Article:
book promotionIn this morning’s links, there was a great article from Digital Book World which talks about the role of the writer in today’s marketplace. Marketer Rob Eagar asserts that there is no such thing as an “author” anymore. Rather, there are “people who write stuff they want other people to buy”—aka salespeople. He makes the often-made point that if you want to be financially successful as a writer, you can’t ignore book promotion. In his words, “you cannot afford to separate selling from the writing process. As you learn the craft of writing, you must also learn the craft of selling.”

Fair enough. I’ve made this point myself on more than one occasion, to mostly silence and crickets chirping, because many authors have this misconception that anything which takes time away from the ‘writing’ is outside of what they should be expected to do. But here is where I loved Eagar’s article: he refreshingly looks at just what this book promotion entails specifically:

“Selling your book means writing effective newsletters, blog posts, short stories, free resources, social media posts, word-of-mouth tools, magazine articles, etc. If you’re truly a writer, then these types of promotional activities should be in your wheelhouse.”

Bravo, Rob Eagar! I love this little paradigm shift. If promotion can be achieved by writing more stuff, than isn’t that exactly the role of the writer? Shouldn’t writers learn not to fear these activities as much as they do now?

I’d love to see something on Coursera or iTunes which teaches this sort of promotional writing not in a huckster-ish sales and business context, but in the context of just another genre of writing, with rules a writer can learn to follow the same way they can learn to follow the rules for mystery writing, or romance writing, or science fiction.

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"I’m a journalist, a teacher and an e-book fiend. I work as a French teacher at a K-3 private school. I use drama, music, puppets, props and all manner of tech in my job, and I love it. I enjoy moving between all the classes and having a relationship with each child in the school. Kids are hilarious, and I enjoy watching them grow and learn. My current device of choice for reading is my Amazon Kindle Touch, but I have owned or used devices by Sony, Kobo, Aluratek and others. I also read on my tablet devices using the Kindle app, and I enjoy synching between them, so that I’m always up to date no matter where I am or what I have with me."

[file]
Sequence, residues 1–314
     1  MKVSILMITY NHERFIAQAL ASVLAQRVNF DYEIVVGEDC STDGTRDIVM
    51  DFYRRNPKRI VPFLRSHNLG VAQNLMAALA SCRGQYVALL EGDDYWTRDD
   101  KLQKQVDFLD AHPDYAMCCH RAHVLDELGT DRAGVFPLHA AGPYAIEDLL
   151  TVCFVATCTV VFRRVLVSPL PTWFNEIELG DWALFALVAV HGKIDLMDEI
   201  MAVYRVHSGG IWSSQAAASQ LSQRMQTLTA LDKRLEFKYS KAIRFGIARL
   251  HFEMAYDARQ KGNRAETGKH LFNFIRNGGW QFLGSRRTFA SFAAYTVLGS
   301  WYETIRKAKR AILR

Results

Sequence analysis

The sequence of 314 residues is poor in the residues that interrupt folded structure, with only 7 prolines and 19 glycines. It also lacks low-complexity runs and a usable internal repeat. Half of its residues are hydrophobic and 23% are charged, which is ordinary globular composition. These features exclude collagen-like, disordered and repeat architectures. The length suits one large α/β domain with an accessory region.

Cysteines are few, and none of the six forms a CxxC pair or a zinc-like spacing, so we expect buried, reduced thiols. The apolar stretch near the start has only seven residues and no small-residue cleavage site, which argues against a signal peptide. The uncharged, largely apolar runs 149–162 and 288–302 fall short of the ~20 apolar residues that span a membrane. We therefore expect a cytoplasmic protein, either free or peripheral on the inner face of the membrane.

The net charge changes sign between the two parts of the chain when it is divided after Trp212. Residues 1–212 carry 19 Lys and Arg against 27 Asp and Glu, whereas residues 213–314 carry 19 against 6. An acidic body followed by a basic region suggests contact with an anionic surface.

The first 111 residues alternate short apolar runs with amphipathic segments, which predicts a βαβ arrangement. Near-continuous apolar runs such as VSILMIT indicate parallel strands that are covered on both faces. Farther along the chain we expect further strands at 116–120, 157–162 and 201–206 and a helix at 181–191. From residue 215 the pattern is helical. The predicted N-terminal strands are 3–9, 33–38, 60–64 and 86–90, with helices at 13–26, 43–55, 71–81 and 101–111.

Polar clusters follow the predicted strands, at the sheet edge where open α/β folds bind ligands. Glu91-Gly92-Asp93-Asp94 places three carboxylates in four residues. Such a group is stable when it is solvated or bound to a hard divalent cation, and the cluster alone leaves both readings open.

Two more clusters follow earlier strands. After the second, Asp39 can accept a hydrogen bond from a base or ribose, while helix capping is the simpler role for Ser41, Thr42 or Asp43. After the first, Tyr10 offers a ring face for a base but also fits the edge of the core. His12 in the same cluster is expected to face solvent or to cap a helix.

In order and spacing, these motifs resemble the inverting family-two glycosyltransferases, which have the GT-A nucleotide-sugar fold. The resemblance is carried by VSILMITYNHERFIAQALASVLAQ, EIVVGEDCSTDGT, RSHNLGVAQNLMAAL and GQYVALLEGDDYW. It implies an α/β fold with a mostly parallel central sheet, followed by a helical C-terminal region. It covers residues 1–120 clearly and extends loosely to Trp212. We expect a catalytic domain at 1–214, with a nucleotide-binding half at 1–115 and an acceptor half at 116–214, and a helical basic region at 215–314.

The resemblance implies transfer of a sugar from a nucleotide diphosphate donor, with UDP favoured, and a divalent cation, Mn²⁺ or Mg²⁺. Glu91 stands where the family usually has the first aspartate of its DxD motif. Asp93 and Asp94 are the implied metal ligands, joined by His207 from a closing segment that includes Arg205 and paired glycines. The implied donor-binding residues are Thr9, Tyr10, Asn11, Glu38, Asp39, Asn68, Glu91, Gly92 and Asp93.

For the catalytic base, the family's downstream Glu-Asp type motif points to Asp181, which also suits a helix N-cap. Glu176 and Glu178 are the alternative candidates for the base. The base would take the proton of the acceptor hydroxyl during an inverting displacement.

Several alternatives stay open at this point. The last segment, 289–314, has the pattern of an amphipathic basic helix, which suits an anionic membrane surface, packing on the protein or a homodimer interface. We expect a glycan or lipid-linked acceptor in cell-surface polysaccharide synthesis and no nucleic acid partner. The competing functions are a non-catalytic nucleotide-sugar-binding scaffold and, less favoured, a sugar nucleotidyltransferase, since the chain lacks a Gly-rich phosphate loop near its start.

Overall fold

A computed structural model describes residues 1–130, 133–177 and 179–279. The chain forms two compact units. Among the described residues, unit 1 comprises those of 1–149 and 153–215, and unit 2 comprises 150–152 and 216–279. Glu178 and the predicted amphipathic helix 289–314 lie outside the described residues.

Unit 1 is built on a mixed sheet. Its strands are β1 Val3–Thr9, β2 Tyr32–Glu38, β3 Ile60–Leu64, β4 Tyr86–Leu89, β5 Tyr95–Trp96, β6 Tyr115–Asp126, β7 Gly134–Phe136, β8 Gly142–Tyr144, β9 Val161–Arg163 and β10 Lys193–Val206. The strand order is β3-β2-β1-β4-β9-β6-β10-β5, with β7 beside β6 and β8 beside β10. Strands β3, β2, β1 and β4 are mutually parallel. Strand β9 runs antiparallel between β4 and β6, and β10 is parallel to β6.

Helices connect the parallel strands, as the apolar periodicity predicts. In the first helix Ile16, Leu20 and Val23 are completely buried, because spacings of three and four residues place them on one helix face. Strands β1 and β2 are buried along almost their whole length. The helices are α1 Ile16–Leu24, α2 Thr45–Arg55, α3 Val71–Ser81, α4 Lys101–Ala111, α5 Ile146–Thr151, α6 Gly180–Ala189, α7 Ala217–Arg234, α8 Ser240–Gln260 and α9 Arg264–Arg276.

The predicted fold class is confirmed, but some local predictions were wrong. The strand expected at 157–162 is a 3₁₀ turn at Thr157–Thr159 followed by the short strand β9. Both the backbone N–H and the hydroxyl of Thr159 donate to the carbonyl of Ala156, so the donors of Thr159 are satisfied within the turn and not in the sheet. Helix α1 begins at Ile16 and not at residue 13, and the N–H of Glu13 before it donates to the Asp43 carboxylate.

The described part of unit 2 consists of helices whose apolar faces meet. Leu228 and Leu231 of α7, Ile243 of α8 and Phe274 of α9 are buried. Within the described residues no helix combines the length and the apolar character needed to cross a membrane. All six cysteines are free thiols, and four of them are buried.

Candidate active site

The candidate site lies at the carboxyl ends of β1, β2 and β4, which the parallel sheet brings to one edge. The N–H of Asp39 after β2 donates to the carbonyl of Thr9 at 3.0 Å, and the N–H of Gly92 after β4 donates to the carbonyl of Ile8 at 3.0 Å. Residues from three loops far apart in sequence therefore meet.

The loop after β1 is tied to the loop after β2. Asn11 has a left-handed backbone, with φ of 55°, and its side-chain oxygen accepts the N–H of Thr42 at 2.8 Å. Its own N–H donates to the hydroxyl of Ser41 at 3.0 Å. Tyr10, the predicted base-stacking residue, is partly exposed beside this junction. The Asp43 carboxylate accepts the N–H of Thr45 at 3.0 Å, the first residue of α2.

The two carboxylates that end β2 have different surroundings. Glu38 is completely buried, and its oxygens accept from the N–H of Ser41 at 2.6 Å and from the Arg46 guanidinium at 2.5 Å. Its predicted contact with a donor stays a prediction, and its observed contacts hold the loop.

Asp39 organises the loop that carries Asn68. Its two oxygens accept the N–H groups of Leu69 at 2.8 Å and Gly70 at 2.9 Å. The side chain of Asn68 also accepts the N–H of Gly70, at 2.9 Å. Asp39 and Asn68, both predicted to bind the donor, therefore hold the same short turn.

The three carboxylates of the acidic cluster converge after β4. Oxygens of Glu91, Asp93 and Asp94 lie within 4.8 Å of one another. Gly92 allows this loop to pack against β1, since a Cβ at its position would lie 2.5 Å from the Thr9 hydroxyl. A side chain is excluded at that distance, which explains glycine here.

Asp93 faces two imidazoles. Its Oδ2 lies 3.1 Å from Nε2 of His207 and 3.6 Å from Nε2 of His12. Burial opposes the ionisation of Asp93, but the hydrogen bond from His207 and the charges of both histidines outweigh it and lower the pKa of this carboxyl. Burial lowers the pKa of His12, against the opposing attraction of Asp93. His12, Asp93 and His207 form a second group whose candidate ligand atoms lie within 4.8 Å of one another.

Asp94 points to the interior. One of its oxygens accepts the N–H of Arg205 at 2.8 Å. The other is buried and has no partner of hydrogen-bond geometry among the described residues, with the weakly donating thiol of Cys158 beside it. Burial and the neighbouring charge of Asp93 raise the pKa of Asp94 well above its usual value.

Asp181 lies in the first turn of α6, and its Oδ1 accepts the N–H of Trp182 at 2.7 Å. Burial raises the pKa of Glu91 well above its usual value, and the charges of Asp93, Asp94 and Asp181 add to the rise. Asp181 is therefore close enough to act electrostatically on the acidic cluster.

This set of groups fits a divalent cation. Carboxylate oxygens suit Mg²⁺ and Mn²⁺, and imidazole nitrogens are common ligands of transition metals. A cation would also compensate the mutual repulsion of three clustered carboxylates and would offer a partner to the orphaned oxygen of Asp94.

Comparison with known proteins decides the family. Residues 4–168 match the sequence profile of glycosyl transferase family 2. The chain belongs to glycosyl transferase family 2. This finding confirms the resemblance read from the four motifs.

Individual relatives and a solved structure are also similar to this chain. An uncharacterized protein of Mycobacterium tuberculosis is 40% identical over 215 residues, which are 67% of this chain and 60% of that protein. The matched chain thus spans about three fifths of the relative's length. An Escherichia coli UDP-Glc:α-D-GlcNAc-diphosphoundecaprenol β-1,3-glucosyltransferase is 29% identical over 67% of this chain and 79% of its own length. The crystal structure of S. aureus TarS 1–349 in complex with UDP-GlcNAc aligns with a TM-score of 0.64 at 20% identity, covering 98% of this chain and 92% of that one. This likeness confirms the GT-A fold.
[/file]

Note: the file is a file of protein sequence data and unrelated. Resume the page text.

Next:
1. I agree that salesmanship is a part of being a published author these day, but it should come after the novel is completed.

    If a novelist writes novels only to please the most people, those will be seriously shitty books because they will please nobody. Novels or any creative art by popularity committees don’t work.

  2. I think people might be over emphasizing the importance of marketing. I’m going to read about 120 books per year plus or minus a dozen depending on length and complexity. Marketing will not enable me to read more.

    But what you have are the authors Billy Bob and Sally Mae vying for a slot to be read. Behind them are a few thousand other authors.

    How much of a difference will Tweeter, Facebook, and Blogs make? To me, nothing. A review on the NYT or NPR, for example, might have a better chance to get me to pick Sally Mae over Billy Bob. I care about the book, not the author on social networking waving his hands or gyrating her hips for attention.

    Authors need to write good books, not engage in good marketing. One way or the other I will discover the books to fill the 120 slots every year.

  3. Boo, a pox on social media and the people who use it. The internet is full of sickos and bullies who want to act out those Kobo “fantasy stories” mentioned elsewhere here. This is not good for antisocial paranoids like me who want to avoid the weirdos on Twitter and Craig’s List at all costs. Anyone know of a good PR company one could pay to facilitate fake “friendship” in the writer’s stead?

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